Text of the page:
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Photo: Vince Talotta/Toronto Star via Getty Images

Archery dodgeball, also known as archery tag or combat archery, was founded as a sport in 2011 and has since grown to more than 1,300 locations throughout the U.S.

How it works: Teams begin each round by racing to the central dividing line, where they grab as many foam-tipped arrows as possible and attempt to hit their opponents while simultaneously dodging — or catching — incoming fire.

  • Like dodgeball, if players are hit, they're eliminated. If they catch an arrow, the shooter is out and a sidelined teammate can return.
  • Unlike dodgeball, players can shield themselves behind inflatable objects.

What they're saying: "It's easy to think the most accurate shot wins, but really the game is more about being quick on your feet, being fast with the bow and having solid cardio conditioning," 37-year-old Darren Reckner, who trains regularly with his team, told the Wall Street Journal.

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Janet Yellen is back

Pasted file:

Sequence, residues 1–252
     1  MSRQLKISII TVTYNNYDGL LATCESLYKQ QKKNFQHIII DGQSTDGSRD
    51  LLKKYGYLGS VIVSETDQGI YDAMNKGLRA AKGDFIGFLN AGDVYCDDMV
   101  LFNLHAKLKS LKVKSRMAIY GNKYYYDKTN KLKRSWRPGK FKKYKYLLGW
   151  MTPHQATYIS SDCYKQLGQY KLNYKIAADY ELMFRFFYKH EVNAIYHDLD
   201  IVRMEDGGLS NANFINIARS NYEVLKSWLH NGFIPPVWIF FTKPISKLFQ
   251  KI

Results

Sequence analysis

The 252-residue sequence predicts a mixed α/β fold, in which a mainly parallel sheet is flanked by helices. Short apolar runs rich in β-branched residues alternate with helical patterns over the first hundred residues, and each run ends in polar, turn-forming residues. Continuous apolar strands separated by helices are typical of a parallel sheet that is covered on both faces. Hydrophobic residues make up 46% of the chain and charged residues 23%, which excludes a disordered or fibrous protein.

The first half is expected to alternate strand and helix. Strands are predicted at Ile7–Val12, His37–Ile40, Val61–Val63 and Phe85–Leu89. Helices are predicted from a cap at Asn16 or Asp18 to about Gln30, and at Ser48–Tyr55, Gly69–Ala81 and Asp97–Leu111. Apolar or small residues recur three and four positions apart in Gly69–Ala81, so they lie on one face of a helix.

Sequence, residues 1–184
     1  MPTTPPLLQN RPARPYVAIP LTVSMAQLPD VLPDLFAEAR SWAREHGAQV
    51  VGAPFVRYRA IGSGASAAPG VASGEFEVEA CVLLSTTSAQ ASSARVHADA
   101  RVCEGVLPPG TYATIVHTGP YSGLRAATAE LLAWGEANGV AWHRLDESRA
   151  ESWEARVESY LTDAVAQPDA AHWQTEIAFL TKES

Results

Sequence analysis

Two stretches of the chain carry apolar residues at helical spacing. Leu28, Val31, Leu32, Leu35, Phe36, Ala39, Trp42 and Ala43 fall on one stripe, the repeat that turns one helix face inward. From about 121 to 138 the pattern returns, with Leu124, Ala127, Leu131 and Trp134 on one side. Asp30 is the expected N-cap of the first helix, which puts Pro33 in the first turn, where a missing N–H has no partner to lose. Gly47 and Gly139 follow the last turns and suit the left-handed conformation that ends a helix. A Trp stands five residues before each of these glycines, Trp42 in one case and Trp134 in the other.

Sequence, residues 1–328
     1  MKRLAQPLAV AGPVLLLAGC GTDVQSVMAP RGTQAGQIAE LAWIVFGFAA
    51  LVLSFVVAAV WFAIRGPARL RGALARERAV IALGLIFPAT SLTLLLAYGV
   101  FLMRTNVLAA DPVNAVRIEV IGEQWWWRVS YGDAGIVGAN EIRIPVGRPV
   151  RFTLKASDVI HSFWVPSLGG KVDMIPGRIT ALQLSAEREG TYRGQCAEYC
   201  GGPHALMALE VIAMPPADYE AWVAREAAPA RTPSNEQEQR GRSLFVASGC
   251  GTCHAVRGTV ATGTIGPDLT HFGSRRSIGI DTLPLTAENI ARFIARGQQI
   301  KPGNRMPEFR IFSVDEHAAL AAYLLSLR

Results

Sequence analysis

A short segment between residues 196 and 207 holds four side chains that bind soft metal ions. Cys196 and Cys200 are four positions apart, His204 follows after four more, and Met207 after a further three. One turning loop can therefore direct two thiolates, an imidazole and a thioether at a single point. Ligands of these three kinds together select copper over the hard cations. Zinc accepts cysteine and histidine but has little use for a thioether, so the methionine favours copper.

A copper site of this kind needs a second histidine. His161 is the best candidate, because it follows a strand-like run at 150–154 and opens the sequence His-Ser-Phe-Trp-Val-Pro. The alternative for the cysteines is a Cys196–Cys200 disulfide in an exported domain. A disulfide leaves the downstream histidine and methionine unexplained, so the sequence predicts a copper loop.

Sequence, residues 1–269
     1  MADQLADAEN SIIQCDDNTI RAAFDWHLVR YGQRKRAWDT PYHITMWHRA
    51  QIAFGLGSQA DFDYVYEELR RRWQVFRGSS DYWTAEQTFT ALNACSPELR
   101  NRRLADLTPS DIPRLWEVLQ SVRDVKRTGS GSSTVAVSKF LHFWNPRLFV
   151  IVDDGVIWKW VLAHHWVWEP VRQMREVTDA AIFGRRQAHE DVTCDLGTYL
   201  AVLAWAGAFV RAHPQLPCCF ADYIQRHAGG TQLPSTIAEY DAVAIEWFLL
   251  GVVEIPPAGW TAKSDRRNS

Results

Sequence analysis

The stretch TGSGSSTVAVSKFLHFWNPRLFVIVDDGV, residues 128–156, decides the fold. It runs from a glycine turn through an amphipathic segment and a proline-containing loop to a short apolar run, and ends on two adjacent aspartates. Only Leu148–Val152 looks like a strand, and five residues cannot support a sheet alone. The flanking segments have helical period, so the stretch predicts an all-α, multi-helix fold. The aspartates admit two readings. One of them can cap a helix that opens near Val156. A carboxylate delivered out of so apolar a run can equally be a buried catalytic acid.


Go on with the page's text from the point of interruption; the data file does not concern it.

Photo illustration: Sarah Grillo/Axios. Photo: Hannelore Foerster/Getty Images

A face familiar to Wall Street is back as a central player that this time will need to steer the country out of a deep economic crisis.

Driving the news: President-elect Joe Biden is preparing to nominate former Fed chair Janet Yellen to be Treasury secretary.

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Charles Koch: I "screwed up"

In his first on-camera interview in four years, Charles Koch told "Axios on HBO" that he "screwed up by being partisan," rather than approaching his network's big-spending political action in a more nonpartisan way.

Why it matters: Koch — chairman and CEO of Koch Industries, which Forbes yesterday designated as America's largest private company — has been the left's favorite face of big-spending political action.

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What overwhelmed hospitals look like

A healthcare professional suits up to enter a COVID-19 patient's room in the ICU at Van Wert County Hospital in Ohio. Photo: Megan Jelinger/AFP

Utah doctors are doing what they say is the equivalent of rationing care. Intensive care beds in Minnesota are nearly full. And the country overall continues to break hospitalization records — all as millions of Americans travel to spend Thanksgiving with friends and family.

Why it matters: America's health care workers are exhausted, and the sickest coronavirus patients aren't receiving the kind of care that could make the difference between living and dying.